Tedder Was Kidnapped
All Supported by Documented Evidence
By Arlene Johnson
July 8, 2002
July 28, 1945 Robert Tedder was born in Century, Florida and on December 11, 1965 married his beautiful wife Eva and they had one son, Tracy.
April 24, 1979 Tedder bought property in East Brewton, Alabama moving his construction business from Florida to Alabama.
April 24, 1984 Robert Tedder, his wife Eva, and his son Tracy were all arrested under the pretense of "protective custody" and were held in jail for two days while police searched Tedder's home on three different occasions seizing thousands of photos of Tedder's wife and other personal property without a warrant, charge, or probable cause.
April 26, 1984 Some of Tedder's photos were then used to establish all those misdemeanor charges which in turn were used to hold Tedder in jail for four months while authorities sought to secure some type of complaint alleging a felony as a cover for the unlawful seizure of Tedder, his photos, and other personal property.
August 1984 three felony affidavits were prepared, however, they were not signed before any Alabama judge or magistrate, but before a citizen from Florida, who then issued and signed the Alabama warrants for arrest.
September 1984 The misdemeanor charges went before the then Escambia County District Court Judge, Earnie White. Tedder demanded and was granted his motion for a jury trial on the misdemeanor charges, however, the State dismissed all those misdemeanor charges without trial or conviction because those charges had already served the state's purpose of holding Tedder in custody while felony charges were being fabricated to cover for the unlawful seizure of Tedder, his photos and other personal property and to establish a reason to return the property to Tedder.
In Late 1984 All cases were transferred to Monroe County without objection, after which, Escambia County lost all jurisdiction as to all matters of the case. However, In Mid 1985 Escambia County returned another indictment unsupported by any affidavit, and transferred it to Monroe County for trial also.
Before the cases were transferred, Tedder had hired an attorney, Bob Tucker of Atmore, Alabama. Tucker skipped town with Tedder's money. Judge Earnie White then appointed Hugh Caffey to represent Tedder, knowing that Caffey also represented the city whose police officer had committed all these violations against Tedder, and Caffey has a duty to protect the city from civil actions.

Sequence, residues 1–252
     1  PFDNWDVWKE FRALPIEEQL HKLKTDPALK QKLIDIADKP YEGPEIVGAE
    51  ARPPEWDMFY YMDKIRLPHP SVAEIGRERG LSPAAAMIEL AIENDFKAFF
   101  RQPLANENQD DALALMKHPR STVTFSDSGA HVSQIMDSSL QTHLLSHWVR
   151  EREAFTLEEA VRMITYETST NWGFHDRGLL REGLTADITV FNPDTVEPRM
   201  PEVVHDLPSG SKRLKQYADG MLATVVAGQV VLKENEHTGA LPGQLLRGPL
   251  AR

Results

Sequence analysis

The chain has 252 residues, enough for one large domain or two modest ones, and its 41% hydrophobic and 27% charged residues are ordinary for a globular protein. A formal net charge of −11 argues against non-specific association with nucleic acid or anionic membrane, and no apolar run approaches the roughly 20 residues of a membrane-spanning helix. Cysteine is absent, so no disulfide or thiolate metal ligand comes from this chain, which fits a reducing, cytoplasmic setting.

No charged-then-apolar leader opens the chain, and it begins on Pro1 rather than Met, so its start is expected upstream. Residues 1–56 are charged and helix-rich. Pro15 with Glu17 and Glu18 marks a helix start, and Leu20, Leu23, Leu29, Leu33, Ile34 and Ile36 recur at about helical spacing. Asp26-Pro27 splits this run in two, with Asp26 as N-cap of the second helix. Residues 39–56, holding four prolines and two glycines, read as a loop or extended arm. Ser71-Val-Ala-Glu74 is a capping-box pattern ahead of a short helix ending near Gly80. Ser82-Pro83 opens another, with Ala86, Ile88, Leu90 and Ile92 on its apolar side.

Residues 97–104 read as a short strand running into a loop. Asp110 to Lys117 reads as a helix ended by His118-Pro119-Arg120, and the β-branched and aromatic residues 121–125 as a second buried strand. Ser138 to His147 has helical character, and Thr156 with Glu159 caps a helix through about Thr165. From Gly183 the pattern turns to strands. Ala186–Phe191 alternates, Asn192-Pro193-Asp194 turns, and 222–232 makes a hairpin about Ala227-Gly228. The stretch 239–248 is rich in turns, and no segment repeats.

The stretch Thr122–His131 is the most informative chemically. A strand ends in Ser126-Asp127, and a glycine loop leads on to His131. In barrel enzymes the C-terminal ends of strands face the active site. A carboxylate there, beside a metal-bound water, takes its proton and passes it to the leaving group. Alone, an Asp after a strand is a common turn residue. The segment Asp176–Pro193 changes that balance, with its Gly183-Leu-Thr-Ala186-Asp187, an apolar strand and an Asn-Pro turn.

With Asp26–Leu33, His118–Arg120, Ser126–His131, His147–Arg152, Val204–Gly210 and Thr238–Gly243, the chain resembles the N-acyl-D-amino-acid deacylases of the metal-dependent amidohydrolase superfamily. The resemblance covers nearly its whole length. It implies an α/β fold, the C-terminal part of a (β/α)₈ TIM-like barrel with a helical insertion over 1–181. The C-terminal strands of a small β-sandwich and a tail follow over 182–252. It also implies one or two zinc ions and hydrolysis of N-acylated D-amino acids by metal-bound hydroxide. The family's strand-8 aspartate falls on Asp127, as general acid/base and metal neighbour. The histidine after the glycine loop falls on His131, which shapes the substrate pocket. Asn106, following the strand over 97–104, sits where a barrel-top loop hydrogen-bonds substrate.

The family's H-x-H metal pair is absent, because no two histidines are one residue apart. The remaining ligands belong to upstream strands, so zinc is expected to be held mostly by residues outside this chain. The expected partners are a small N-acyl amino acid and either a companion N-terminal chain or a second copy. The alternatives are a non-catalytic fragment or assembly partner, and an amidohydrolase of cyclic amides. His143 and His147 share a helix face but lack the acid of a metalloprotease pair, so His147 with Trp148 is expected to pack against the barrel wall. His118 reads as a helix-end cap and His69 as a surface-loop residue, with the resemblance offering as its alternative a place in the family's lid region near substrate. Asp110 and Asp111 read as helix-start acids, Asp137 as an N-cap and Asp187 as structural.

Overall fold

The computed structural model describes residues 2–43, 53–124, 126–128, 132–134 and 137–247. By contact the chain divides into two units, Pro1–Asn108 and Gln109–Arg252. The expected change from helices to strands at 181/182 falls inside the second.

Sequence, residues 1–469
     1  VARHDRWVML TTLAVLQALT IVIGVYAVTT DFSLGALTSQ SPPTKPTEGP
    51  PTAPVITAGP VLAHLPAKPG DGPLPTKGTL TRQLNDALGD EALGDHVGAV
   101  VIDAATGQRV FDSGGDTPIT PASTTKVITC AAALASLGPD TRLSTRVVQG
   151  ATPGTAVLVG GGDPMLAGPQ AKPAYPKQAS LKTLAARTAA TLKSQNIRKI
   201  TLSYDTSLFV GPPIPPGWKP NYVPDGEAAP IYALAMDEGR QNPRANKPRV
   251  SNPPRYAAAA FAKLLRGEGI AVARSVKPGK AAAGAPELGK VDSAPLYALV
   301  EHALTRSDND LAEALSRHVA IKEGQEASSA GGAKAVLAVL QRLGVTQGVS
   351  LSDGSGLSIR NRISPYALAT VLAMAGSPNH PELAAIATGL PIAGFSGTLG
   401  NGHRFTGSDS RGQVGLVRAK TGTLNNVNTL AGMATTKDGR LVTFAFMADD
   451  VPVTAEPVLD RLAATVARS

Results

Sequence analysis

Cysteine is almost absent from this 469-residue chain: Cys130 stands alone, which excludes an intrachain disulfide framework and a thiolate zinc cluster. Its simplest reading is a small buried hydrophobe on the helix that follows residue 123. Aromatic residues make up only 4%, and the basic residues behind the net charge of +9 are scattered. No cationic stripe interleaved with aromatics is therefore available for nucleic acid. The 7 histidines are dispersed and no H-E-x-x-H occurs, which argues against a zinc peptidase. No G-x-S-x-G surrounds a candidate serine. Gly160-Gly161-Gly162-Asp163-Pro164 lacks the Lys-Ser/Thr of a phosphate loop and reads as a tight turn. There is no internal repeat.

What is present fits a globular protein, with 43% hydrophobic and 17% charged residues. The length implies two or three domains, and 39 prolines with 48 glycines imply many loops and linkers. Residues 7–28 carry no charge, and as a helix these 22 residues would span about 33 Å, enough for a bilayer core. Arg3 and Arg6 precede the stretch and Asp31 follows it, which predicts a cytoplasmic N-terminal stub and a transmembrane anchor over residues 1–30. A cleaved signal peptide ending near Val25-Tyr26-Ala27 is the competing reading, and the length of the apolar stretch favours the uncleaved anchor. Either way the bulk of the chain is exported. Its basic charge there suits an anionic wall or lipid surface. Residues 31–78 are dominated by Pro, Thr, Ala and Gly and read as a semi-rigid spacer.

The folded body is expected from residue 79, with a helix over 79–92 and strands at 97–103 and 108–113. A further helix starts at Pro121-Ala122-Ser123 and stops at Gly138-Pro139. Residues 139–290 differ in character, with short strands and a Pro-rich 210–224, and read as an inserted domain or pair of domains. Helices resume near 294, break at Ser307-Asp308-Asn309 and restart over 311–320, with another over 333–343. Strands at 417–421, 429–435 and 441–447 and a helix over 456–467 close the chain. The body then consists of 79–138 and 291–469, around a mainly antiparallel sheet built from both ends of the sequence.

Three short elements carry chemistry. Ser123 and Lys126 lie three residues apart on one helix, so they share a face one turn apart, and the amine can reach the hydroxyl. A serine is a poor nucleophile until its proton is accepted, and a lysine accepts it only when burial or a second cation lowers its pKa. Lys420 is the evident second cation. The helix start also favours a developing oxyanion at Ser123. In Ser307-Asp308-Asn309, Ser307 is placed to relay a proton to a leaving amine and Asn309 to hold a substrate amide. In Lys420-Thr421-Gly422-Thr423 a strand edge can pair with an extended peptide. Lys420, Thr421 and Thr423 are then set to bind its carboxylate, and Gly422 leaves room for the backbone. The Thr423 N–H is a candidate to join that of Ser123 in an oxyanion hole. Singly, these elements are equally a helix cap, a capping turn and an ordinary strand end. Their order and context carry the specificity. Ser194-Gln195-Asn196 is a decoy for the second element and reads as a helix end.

Caffey could not properly defend Tedder without establishing grounds for a suit against the city. Caffey should have recused himself in the interest of justice, but Caffey remained on the case to insure that certain facts would not be raised or discovered which might be detrimental to his full time client, the City of East Brewton, even if it meant unlawful imprisonment of Tedder.
The Monroe judge, R.E.L. Key, was advised by the state and was fully aware that Caffey had an interest in the outcome of the case. Key waived Tedder's Right to Conflict-Free Representation and proceeded with the trial.
Tedder pleaded then, and maintains today, that he is not guilty, even the prosecutrix said it didn't happen but the state forced her to change her testimony; the court overruled Tedder's objections, and refused to comply with court rules, statutes, and constitutional provisions, causing the trial to be nothing but a sham proceeding without due process of law. The record shows that testimony at trial was not supported by any other testimony or evidence, and was insufficient to establish a finding of guilt. Of the thousands of photos, only thirty four were presented as evidence in court, none of which were described as having been seen in the Tedder home.
Where the police even admitted to their own wrongful acts and told about the wrongful acts committed by others with specific intent to imprison Tedder and keep his photos and other personal property the court admitted that the initial arrest was illegal and that all that followed it was unconstitutional but overruled all of Tedder's objections stating that Tedder could argue that further down the road.